Fig. 4.

Effects of cAMP, pHe, DMO and methylamine on prespore gene expression. Aggregation-competent cells were resuspended to 5×106 cells ml-1 in lθmm-phosphate buffer, pH 6·6 or pH 7·4. Aliquots of 15 ml were shaken at 150revsmin-1 and 21°C in the presence or absence of 30 μM-cAMP and of different concentrations of DMO or methylamine set at pH 6·6 or pH7·4, respectively. Cyclic AMP was added every hour and the cells were washed every 2h and resuspended in fresh incubation medium. Samples for the assay of prespore mRNA were taken after 0, 2, 4 and 6h of incubation. A shows somewhat overexposed autoradiographs of Northern transfers of size fractionated mRNA, hybridized to the 32P-labelled prespore-specific cDNA D19. B represents a quantification of D19 mRNA levels, obtained by scanning the optical density of the specific mRNA bands of appropriately exposed autoradiographs. The data are expressed as percentage of the maximal value reached at the specific time point and represent the means and S.D. of two separate experiments, each consisting of three different time points.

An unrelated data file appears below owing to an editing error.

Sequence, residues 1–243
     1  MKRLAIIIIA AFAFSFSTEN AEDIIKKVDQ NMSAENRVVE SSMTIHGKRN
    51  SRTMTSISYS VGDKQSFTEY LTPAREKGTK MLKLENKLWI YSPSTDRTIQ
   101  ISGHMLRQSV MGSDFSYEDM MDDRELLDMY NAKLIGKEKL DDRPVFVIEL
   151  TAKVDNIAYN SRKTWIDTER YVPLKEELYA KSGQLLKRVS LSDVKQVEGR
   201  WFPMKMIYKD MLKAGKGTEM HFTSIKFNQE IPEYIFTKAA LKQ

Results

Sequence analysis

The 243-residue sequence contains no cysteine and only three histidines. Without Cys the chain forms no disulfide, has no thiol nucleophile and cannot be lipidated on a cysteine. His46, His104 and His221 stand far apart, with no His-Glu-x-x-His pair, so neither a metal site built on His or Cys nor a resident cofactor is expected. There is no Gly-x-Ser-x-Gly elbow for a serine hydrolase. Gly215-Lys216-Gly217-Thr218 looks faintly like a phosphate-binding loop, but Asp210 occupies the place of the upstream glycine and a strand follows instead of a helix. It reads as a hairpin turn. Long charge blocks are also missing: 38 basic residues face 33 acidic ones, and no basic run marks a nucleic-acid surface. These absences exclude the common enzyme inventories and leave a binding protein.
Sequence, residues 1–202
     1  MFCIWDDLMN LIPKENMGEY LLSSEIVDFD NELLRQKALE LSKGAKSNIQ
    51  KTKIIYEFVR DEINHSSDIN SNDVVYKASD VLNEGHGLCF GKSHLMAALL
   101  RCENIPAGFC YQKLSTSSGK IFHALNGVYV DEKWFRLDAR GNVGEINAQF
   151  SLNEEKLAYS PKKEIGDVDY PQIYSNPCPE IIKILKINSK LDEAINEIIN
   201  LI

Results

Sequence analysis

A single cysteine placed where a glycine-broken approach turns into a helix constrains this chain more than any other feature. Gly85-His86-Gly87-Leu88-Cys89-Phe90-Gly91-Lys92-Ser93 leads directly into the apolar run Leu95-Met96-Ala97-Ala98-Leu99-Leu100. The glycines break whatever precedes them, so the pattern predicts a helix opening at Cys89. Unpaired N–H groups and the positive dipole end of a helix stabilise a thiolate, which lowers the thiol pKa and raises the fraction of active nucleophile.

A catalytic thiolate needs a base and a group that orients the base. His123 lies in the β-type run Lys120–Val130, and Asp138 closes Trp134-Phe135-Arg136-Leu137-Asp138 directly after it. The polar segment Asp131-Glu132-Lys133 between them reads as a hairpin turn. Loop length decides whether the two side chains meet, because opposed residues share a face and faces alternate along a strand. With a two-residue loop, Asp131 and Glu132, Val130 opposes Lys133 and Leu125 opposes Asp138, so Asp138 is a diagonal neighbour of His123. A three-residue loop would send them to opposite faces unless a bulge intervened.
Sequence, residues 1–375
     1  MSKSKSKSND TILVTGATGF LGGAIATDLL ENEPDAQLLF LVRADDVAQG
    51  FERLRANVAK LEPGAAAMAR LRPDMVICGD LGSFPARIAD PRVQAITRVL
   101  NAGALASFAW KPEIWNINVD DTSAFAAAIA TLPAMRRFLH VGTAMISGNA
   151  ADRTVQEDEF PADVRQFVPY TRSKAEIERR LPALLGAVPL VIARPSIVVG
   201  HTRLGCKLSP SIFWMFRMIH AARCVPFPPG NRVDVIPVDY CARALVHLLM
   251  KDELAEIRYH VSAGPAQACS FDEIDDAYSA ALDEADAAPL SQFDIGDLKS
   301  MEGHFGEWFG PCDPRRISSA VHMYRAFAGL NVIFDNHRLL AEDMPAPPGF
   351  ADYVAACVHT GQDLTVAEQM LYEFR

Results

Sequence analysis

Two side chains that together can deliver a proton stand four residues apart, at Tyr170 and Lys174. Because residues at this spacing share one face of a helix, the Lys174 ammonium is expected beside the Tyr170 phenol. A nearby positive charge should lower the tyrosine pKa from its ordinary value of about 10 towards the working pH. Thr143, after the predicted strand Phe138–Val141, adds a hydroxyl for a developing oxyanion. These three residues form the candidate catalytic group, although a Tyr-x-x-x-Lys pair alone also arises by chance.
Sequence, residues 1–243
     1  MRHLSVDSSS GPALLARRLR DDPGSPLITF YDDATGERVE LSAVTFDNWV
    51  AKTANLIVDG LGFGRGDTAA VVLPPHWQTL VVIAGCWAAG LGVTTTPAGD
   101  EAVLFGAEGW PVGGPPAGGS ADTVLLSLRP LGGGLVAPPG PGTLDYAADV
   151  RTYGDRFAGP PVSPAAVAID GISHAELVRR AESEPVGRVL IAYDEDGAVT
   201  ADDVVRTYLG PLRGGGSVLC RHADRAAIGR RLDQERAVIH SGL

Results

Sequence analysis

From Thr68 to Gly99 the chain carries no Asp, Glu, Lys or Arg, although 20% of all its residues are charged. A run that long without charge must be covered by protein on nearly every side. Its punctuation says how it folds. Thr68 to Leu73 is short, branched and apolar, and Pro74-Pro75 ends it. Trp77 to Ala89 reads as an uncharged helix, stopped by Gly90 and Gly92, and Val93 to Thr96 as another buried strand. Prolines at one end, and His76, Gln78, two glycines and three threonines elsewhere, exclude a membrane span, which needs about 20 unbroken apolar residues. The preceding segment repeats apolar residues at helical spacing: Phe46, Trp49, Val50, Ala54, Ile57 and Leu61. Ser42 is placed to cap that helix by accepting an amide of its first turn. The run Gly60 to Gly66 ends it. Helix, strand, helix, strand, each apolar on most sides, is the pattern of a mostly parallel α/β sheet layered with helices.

Effects of pHi on prespore differentiation

The above-described experiments are restricted to the effect of pHi on the synthesis of a single prespore mRNA, D19. We also investigated the effect of artificial elevation of pHi on a more general marker of prespore differentiation, the prespore vacuole. This organelle contains spore coat (glyco)proteins and can be detected by means of an antibody raised against intact spores (Takeuchi, 1963), which detects a large number of spore coat antigens. Aggregation-competent cells were incubated for 8h with different concentrations of DMO and methylamine in the presence and absence of cAMP and prespore differentiation was determined at two different levels: the proportion of cells containing prespore vacuoles was measured by means of immunocytochemistry (Fig. 5A), and the total amount of spore coat proteins synthesized during the 8h incubation period was determined by means of an ELISA assay using the antispore rabbit IgG (Fig. 5B).

Fig. 5.